Saturday, July 31, 2010
In spite of the way I deliberately misuse language in this blog (incomplete phrases a so on - see here:) I do have a reasonable proficiency in English.
After 30 years' immersion in French, I can manage OK, but it is still instantly obvious to everybody that I am a foreigner.
At various times, I have attempted to learn a bit of Latin, German, Italian, Japanese, Esperanto and, most recently, Alsatian.
In none of those have I achieved more than about 5% competence.
Every time I study a language, I am struck by two things:
1. The way every language is weighed down by its own pointless complications & irregularities.
2. The surprising absence, from each language, of some elements which other languages seem to consider essential.
A quick example of both is plural forms.
English, like most other languages, has a plural form of most nouns.
Sometimes simple (cat/cats), sometimes less simple (potato/potatoes, lady/ladies, half/halves, oasis/oases) but often irregular (child/children, man/men, foot/feet, mouse/mice…).
It would be a lot easier if at least they were all regular.
Yet Japanese manages perfectly well without plural forms at all.
And so does English, when it wants to (sheep/sheep, fish/fish etc).
Did you ever have the slightest problem in transmitting or receiving any information about any quantity of fish or sheep, from none to millions?
Plural forms are a waste of everybody's time & effort.
Easily enough absorbed in early childhood, they are persistent stumbling blocks for adult learners.
Then there is Gender & Agreement.
The only way I managed to start actually talking in French at all was to deliberately ignore gender & put up with the mockery.
Otherwise I would have needed to stop & check every other word in a dictionary before using it.
And French only has 2 genders, where German & Alsatian have three...
Only by a lifetime's immersion could I possibly master the table of German genders & agreements well enough to use it faultlessly at talking speed.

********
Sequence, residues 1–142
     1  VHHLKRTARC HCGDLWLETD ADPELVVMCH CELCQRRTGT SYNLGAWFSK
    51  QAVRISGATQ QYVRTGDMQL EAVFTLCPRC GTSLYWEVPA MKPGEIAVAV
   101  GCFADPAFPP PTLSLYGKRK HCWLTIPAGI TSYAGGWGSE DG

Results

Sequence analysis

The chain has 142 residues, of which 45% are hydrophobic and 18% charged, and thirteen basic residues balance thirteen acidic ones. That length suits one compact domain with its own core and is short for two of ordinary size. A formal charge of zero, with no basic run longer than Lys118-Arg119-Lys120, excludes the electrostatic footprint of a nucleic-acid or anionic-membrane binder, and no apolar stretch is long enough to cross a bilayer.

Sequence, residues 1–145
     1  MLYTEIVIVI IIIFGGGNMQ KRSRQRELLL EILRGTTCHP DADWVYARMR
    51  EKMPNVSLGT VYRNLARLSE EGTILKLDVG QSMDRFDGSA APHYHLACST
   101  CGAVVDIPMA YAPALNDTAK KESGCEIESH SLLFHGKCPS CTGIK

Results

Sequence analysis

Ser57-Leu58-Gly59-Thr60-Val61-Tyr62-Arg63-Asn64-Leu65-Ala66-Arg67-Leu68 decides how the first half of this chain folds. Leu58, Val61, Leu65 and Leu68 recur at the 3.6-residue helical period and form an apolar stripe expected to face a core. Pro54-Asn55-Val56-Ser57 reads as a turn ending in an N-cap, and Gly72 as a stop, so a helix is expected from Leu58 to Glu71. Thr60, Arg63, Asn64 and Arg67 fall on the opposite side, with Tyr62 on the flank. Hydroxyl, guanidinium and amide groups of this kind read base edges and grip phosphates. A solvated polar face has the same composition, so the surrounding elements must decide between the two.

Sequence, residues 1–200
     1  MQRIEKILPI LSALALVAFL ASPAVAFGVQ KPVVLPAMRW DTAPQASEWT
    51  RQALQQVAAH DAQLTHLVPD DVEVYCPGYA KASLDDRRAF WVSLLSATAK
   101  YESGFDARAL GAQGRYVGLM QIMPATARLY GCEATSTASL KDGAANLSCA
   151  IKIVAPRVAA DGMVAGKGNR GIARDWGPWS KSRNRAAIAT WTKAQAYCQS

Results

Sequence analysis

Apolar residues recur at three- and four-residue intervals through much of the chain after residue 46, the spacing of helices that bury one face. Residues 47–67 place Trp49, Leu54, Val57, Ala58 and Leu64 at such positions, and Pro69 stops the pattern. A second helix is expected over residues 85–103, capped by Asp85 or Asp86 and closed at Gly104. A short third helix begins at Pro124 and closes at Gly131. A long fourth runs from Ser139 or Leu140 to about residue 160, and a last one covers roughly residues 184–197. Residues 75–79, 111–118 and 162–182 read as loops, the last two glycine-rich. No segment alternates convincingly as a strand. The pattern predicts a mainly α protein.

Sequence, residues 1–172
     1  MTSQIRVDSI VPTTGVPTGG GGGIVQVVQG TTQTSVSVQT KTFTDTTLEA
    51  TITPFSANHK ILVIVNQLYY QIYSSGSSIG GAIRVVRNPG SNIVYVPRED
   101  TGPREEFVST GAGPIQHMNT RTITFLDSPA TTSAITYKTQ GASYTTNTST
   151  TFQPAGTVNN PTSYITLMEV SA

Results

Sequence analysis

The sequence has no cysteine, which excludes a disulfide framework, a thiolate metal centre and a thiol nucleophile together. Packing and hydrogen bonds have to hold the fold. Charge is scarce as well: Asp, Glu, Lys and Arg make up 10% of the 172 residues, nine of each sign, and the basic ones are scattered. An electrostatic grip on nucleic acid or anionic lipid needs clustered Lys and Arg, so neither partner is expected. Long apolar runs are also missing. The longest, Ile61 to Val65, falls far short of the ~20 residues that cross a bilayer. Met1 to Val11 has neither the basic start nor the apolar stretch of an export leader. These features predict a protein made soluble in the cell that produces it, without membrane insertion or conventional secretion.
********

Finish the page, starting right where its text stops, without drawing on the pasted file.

You need to consider 16 possibilities every time:
Masculine/Feminine/Neutral/Plural x Nominative/Accusative/Dative/Genitive.
And to think it is pretty much pointless…
English manages OK without genders & agreement at all.
Another little example is pronouns which, even in English, mostly adopt accusative forms:
I/he/she/we/you/they hit me/him/her/you/them.
Having "you" as both nominative & accusative never caused anybody a problem, so why complicate all the others?
Fundamentally, languages are being used for two, often conflicting, missions.
1. Transmitting historical, cultural & regional values & information.
2. Communicating as widely as possible.
The cultural part requires that all the peculiarities, of as many local languages & dialects as possible, should be maintained & learned by local youngsters.
The communicating part would be better handled by a single, universal, language.
Seen from here & now, that seems most likely to be English.
Seen from elsewhere, it could well be Spanish or Chinese.
If any existing language becomes "universal", it will cause significant & justified jealousy & resentment among native-speakers of all the other languages, who will be at a disadvantage.
Indeed, the jealousy & resentment are more than likely to prevent any existing language ever becoming universal.
Which is where Esperanto comes in.
Where all other languages evolved & accumulated.
It has to be hundreds of times faster to learn than any other language.
A wonderful effort.
But it has not developed any significant usage yet & seems unlikely to do so now.
1. Came too early, before there was globalization to make it necessary & internet to make it popular?
2. Still unnecessarily complicated?
3. Just not promoted well enough?
I think there is room for a radically simpler language.
Which would aim to become a universal second language due to its utter simplicity.
One where anybody could learn absolutely all the grammar, with absolutely no irregularities, in half a day.
Leaving half a day to learn some basic vocabulary.
So in one day, we could all communicate…
Further details in part 2.
Parting thot: "Language is the means of getting an idea from my brain into yours without surgery." - Mark Amidon